by Jim Bruce
Almost every time I travel from Cambridge to Boston, I cross the Longfellow Bridge. The central piers of the bridge feature four carved, ornamental stone towers, which give rise to another name for the bridge, the “Salt and Pepper Bridge,” which many of us still use. Originally opening in 1906, the bridge replaced previous bridges and ferry services going back to 1630. Since 2013 the bridge has been the subject of a $250 million restoration and rehabilitation effort which is expected to be completed in late 2018 or early 2019. When the work is completed, we’ll have a very beautiful bridge with the same capacity it had before the project began.
That isn’t how the IT world works. In the summer following my 1958 baccalaureate graduation, I was introduced to my first computer, an IBM 650 Magnetic Drum Data-Processing Machine. It had a 2000 word memory (signed 10 digit numbers or 5 characters per word), and a clock speed of about 12.5 ms. This machine occupied about 500 square feet of space, used punch cards for input and output, and required multiple operators for each of three shifts.
Even though its computing capabilities were miniscule by any measure today, it permitted users to do complicated computations, often overnight, that would have taken days and even weeks to do by hand. The project I worked on would not have been doable without it.
Today, the newest laptops have processors with about 3 billion transistors, clock speeds of over 3 Gb/s (about 300 million times faster than the 650), and up to 2 TB of memory. Quite a change from the first computer I encountered. So, while the Longfellow Bridge, after restoration, has basically the same functionality as it did when it was new over a century ago, changes in information technology have been disruptive and have had a significant impact on essentially everything that we do. And, they continue increasing capabilities at an exponential rate.
However, even in our computing world, we are having a difficult job of keeping up. For example, many of our universities have multiple large data centers with computers running large, complex applications often maintained by large staffs. Meanwhile their clients – students, faculty, and staff – are using smart handhelds and laptops with significant computing power wondering why they don’t have university applications more like the applications available on their handhelds.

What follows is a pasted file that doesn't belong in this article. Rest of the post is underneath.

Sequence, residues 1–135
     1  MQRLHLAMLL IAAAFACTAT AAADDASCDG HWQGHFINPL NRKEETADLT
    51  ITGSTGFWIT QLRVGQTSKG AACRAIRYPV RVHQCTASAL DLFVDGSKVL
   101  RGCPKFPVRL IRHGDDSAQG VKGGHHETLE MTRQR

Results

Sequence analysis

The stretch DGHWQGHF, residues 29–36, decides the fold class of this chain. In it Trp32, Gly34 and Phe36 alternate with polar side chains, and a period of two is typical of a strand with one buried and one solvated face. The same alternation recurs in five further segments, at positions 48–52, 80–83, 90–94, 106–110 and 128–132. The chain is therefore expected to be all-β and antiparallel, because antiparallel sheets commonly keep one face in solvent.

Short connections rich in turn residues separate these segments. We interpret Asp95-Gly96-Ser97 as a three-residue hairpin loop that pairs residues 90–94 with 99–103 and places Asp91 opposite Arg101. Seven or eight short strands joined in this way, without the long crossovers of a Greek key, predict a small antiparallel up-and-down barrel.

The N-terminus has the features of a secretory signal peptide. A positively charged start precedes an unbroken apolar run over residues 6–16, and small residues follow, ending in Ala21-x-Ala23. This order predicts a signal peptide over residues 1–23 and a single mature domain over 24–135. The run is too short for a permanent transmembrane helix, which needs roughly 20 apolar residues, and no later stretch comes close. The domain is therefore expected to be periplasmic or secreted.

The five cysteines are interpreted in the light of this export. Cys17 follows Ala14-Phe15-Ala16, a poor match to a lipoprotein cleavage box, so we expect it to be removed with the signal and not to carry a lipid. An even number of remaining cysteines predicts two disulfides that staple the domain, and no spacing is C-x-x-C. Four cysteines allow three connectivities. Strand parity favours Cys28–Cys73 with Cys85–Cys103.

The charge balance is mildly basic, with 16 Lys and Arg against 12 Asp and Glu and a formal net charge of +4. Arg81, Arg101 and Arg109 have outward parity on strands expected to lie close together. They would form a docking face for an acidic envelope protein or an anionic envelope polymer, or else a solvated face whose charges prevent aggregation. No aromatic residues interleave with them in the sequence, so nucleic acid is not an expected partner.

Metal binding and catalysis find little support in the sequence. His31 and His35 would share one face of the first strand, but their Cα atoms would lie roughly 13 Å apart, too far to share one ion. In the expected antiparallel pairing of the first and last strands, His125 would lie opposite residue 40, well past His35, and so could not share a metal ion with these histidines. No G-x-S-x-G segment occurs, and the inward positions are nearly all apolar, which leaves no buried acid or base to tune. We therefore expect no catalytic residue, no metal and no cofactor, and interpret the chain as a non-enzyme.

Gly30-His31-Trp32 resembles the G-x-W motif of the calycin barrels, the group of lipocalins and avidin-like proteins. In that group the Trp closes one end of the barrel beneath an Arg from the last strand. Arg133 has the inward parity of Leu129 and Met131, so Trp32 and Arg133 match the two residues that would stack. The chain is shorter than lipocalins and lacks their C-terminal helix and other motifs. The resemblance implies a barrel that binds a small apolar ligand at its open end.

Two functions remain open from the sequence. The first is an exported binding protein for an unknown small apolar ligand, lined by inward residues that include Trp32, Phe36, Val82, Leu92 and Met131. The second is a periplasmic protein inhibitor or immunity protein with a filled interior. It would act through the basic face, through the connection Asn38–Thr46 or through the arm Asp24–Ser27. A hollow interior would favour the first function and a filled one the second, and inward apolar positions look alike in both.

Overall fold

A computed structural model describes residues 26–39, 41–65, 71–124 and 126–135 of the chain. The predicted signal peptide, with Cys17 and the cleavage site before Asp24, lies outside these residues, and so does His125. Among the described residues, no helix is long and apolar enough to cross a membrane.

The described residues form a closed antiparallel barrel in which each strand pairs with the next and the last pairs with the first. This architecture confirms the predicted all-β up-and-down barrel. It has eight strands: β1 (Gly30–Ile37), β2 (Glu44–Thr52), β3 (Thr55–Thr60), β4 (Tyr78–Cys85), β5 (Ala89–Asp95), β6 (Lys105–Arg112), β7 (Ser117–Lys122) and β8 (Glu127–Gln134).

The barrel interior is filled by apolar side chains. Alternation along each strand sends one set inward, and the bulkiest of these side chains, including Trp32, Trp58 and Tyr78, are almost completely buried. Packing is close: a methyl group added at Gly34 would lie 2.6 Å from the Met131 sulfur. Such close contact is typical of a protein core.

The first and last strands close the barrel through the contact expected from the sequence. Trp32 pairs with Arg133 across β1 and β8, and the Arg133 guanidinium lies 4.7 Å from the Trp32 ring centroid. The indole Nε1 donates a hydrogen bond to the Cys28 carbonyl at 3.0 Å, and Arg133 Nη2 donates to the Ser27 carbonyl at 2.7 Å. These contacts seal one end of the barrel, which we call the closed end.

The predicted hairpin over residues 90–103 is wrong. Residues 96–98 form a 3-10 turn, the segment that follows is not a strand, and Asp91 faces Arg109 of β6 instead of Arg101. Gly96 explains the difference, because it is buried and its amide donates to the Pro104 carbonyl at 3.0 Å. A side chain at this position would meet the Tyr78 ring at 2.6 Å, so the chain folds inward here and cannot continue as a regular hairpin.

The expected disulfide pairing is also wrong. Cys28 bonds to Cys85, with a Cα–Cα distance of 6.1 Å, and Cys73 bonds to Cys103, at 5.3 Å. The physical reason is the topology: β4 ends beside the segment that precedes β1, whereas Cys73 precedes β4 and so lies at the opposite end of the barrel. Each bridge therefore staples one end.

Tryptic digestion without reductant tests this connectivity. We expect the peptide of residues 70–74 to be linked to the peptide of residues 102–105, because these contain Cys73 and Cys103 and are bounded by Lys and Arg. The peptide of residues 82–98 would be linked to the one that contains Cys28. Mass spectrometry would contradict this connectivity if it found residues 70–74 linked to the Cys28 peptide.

If you take a few large steps back, you can understand why we basically have, at least, two models of computing clamoring for attention and resources. First there is the historic model of computing centers with central staffs to run large applications. Within a two to three decades of my experience with the IBM 650, companies such as Digital were producing machines with significant (for that day) computing power that were the size of a two-drawer filing cabinet. To the administrator or faculty member who was having trouble getting his or her work done via the central computing environment, this was an all too easy solution. And, they latched on to it creating clusters of computing resources across the campus. (And, I, too, did this in one of my pre-CIO roles.)
Then along came the handhelds and laptops which presented applications that were much more attractive and user friendly. While, all this was going on, computing and storage devices became so inexpensive that some companies began building very, very large data centers and then offering what became known as cloud services.
This is the computing environment that we find on essentially every campus today. And with it, we find many forces and trends at work to certainly evolve if not disrupt a campus’ IT environment. Among these include pressure to reduce costs, to improve security, to put more resources into academic and instructional IT, and to make computing easier to use and more “friendly.” These taken together clearly call for a rethinking, a real reimagining of how we do computing on our respective university campuses.
Today’s MOR’s 2017 Leaders Conference, Reimagining IT: The Journey Continues, is our effort to continue this important discussion with those individuals who are participating in the conference.
Do take this opportunity to begin, continue, or restart your thinking about how you will reimagine your journey. . . jim
Jim Bruce is a Senior Fellow and Executive Coach at MOR Associates, and Professor of Electrical Engineering, Emeritus, and CIO, Emeritus, at the Massachusetts Institute of Technology, Cambridge, MA.